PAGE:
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From our blog

Portugal to impose cash limit

13th June 2016

Cash will soon no longer be king, at least when it comes to spending large amounts of it. According to a proposal by the ruling-Socialists, which is set to come into force in January if approved by the leftist majority, it will become illegal to conduct a financial transaction worth more than 3,000 euros in cash.


Doing so will result in a fine of 25 percent of the value. This figure rises to 15,000 euros for non-residents.  The bill is part of a law decree proposal presented to Parliament and is set to be tabled for discussion in the coming days.  The intention of the three-page proposal is to be combined with existing legislation and other reforms that came as a direct result of the Panama Papers scandal, which involved dozens of Portuguese companies and individuals.


According to the document, as from 1 January 2017 “cash payments in excess of 3,000 euros will be prohibited” while this amount is increased to 15,000 euros “whenever a cash payment is made by non-residents who are not conducting business or trading.”  Similarly, transactions in foreign currencies will also be covered by the law.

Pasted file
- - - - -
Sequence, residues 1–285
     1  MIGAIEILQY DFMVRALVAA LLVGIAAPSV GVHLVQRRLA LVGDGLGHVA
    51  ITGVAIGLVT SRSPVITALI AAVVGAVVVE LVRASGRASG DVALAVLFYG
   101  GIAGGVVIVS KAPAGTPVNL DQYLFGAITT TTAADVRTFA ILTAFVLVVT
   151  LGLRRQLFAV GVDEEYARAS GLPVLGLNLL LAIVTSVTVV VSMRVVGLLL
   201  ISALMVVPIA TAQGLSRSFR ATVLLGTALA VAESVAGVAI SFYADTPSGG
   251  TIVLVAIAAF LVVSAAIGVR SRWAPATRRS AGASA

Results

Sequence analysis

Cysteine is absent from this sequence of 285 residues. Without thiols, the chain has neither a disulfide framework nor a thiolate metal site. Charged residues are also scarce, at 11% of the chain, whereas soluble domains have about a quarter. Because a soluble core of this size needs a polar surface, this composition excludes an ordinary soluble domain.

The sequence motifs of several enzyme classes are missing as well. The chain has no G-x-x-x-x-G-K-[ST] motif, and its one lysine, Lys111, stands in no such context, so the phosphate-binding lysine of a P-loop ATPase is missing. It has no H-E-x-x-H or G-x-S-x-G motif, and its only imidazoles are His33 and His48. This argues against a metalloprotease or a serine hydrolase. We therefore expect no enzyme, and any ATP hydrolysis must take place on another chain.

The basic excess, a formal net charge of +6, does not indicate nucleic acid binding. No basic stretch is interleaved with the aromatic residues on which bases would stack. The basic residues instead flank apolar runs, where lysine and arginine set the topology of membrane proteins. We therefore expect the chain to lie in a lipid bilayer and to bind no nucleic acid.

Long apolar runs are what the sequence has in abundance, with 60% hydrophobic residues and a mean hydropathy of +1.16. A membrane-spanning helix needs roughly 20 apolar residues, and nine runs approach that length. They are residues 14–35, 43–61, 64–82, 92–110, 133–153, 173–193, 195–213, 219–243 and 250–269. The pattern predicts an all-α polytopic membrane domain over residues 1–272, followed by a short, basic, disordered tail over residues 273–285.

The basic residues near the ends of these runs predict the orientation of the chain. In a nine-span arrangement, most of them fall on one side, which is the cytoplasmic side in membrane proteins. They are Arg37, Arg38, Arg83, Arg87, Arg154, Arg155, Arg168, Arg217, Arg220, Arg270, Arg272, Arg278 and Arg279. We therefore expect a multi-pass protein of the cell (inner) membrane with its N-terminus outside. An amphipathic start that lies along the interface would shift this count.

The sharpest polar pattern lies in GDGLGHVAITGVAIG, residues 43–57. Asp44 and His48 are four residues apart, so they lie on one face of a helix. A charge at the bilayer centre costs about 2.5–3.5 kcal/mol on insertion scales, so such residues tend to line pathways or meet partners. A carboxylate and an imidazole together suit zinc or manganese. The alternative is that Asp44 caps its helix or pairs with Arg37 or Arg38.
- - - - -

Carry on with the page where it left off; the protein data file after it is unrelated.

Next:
Paying off a debt falls under the same law, and will take into account all cash instalments.  People who fail to comply with the new law will be fined 25 percent of the value of the cash transactions, while an additional fine of five percent will be levied in the event of tax evasion.


The proposal also makes reference to the fact that similar practices are already in place in a number of European Union states, with the government listing Spain, France, Greece and Italy as examples.  The intention is not only to avoid monetary exchanges where both parties seek to avoid declaring the amounts for tax purposes, but also to increase electronic payments which are easily traceable by the taxman in the event of suspicions of fiscal fraud or tax evasion.


The proposal falls in line with current limitations in France, and are slightly more favorable than Spain, where the limit is currently €2,500 while it drops to €1,500 in Greece.  Similar plans in Germany, where the proposal will be €5,000, have been met with fierce resistance.  Currently, around 80 percent of all transactions in the country are in cash. Berlin is also looking to ban the use of €500 notes.


German Green MP Konstantin von Notz tweeted earlier this year that “cash allows people to remain anonymous during day-to-day transactions. In a constitutional democracy, that is a freedom that has to be defended.”  German newspapers have also since published editorials condemning what they term the government’s attempts to increase control over citizens.  While the proposal in Portugal is still in its infancy, no major political party or movement has come out in opposition of the legislation.